Skagit County is starting work again on a Shoreline Master Program update left incomplete in 2016.
Senior Planner Betsy Stevenson briefed the county Board of Commissioners Tuesday on the history of the update, its nearly five-year stall, and plans to make it a priority for the new planning commission in 2021.
“I am just so excited and thrilled to get back and pick up where we left off, and get this finished,” Stevenson said.
The county is required to have a Shoreline Master Program under the state’s Shoreline Management Act. The program establishes rules aimed at preserving sensitive natural resources and public access along shorelines.
The county’s Shoreline Master Program applies to 826 miles of marine and freshwater shorelines in unincorporated areas. The program hasn’t been updated since it was created in the 1970s, but an update process began in 2011.
The planning commission released a draft Shoreline Master Program update in February 2016.
Stevenson said the next step would have been review by the county commissioners, but that fell by the wayside because the county was already reviewing other major projects including the Shell Puget Sound Refinery’s proposed rail offloading facility and the Marathon Anacortes Refinery’s proposal to produce xylenes alongside fuel products.
Both refinery projects have since been called off.
Skagit County Planning and Development Services Director Hal Hart said the plan now is to review and update the Shoreline Master Program by June.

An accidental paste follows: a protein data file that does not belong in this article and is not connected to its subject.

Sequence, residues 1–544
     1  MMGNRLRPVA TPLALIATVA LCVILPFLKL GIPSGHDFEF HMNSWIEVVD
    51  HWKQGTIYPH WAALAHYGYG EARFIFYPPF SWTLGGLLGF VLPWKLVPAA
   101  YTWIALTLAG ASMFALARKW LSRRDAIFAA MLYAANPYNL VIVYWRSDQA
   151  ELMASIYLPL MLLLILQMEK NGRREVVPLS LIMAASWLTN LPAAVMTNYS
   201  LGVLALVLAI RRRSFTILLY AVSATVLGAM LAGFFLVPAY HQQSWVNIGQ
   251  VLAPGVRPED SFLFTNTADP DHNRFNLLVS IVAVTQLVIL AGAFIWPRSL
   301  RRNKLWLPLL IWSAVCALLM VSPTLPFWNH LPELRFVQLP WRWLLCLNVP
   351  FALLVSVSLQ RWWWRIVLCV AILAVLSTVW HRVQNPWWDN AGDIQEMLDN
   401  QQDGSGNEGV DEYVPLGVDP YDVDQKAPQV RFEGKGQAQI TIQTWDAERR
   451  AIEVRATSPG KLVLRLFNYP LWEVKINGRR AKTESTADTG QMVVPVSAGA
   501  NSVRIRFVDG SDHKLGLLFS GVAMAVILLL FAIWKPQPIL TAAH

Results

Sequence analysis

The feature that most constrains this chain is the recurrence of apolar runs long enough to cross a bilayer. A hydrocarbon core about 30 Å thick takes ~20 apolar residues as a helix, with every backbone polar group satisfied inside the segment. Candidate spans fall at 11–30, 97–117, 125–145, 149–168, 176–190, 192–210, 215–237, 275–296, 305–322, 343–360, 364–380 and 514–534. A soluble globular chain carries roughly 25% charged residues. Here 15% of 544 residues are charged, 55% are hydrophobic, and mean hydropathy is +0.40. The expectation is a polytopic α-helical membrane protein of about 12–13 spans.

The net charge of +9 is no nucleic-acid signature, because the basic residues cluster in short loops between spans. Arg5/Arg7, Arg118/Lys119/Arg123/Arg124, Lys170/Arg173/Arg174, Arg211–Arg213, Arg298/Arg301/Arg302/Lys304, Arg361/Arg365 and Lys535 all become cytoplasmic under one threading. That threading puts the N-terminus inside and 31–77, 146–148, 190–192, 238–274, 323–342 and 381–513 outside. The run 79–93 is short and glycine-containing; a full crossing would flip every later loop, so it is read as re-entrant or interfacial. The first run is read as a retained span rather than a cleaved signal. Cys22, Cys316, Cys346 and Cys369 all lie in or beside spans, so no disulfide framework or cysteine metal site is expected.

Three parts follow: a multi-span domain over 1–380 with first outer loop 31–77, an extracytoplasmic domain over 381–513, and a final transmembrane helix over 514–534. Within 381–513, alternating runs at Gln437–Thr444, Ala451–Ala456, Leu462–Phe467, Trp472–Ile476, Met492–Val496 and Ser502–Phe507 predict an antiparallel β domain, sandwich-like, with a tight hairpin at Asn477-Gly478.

“The goal is to bring everybody up to speed in the January, February, March timeframe, and bring a recommendation to you,” Hart told the commissioners Tuesday.
Stevenson said planning department staff will start work sessions with the planning commission this month, and intends to update the county commissioners every other week. They also plan to offer an online open house for the public and hold multiple public comment opportunities between January and April.
“We want to make sure people are heard, included in and part of the process,” Stevenson said.
New county Commissioner Peter Browning said he’s looking forward to learning about the Shoreline Master Program’s ability to protect lakes and other waterways by way of development rules, including setbacks for construction, parameters for docks and armoring, and requirements for vegetation.
Commissioner Lisa Janicki said she’s also looking forward to completing the process, but is cautious about the proposed timeline.
“All of a sudden 10 years have gone by and we’re trying to get it done in six months,” she said.
The 2016 draft and additional information is available online.